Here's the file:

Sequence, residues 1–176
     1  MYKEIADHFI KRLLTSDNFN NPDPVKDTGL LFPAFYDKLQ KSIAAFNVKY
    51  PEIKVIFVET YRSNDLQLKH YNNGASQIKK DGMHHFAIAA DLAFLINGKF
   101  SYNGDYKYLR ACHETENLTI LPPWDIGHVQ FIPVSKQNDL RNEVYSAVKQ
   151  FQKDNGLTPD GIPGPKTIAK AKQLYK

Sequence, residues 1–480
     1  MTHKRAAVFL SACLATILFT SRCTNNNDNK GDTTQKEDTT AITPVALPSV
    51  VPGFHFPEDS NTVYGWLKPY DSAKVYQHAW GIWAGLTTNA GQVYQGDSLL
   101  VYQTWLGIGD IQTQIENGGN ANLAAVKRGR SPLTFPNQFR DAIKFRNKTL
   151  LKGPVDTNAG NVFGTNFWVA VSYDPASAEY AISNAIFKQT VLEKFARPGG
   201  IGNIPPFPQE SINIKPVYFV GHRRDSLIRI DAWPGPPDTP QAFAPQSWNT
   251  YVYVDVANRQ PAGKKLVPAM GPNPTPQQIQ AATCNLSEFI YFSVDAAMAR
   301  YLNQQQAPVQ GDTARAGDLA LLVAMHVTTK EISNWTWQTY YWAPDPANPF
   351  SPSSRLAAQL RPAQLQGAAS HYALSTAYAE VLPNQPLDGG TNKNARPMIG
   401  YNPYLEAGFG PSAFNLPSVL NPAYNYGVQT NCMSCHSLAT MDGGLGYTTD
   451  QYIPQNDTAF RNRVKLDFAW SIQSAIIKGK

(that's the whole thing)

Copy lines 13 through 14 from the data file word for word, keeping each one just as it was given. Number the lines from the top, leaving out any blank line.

   301  YLNQQQAPVQ GDTARAGDLA LLVAMHVTTK EISNWTWQTY YWAPDPANPF
   351  SPSSRLAAQL RPAQLQGAAS HYALSTAYAE VLPNQPLDGG TNKNARPMIG